Location: Atlanta, GA
This former, for-profit university had many troubles that led to its ultimate closure just earlier last year. For starters, the six-year graduation rate was just 13%, and more than 15% of graduates defaulted on their loans.
But that doesn’t compare to the fact they failed to distribute more than $16 million in federal loan funds, and the U.S. Department of Education banned them from accessing any more funds in the future.
Location: Boston, Massachusetts
Northeastern is a prestigious university in New England. Unfortunately, they’ve got one of the highest property crime rates in the US, with nearly 127 crimes per 10,000 students.
These kinds of crimes can be anything from burglary to car theft. The good news is that graduates of this school will likely go on to be able to afford to buy a new vehicle.
Columbia College Hollywood
Location: Los Angeles, California
Stay far away from this private school in Los Angeles. Unless you want to pay more than $10,000/year over the average for your tuition, anyway.
Couple that with the low graduation rate of 35% and the crippling debt you’re left if you do graduate, and it’s easy to see why Columbia College Hollywood made our list of the worst schools in the country.
College Location: Swannanoa, North Carolina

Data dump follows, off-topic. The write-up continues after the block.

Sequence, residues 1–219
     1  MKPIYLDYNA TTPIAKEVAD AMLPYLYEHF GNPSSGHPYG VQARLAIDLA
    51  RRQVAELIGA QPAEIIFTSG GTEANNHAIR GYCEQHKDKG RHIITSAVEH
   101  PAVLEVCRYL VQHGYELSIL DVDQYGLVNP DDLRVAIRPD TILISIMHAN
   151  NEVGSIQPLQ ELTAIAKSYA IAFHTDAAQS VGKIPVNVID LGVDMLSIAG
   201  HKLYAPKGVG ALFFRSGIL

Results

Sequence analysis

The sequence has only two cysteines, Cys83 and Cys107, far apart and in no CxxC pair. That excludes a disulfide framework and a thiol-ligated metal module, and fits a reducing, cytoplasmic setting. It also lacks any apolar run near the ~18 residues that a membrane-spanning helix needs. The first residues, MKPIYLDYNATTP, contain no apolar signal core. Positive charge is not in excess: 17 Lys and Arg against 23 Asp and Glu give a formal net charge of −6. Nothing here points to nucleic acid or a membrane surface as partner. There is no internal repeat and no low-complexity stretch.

This college is located on a sprawling, beautiful campus right outside of Asheville, North Carolina.
They’ve got a mediocre graduation rate at just over 53%, and the cost of tuition versus the starting salary doesn’t exactly equal out to be very beneficial to grads, especially considering the amount of debt they’re left saddled with.
Location: San Diego, California
California College is another case of spending too much time and effort and reaping little reward – if you reap at all. That’s because the average income of a grad more than five years after graduation is less than $40,000 per year.
That may not sound too shabby, but that’s five years of experience plus a bachelor’s degree – which should equal out to more than that. Especially when you take into consideration that the average debt for alums is nearly $32,000. Something about that equation just doesn’t add up.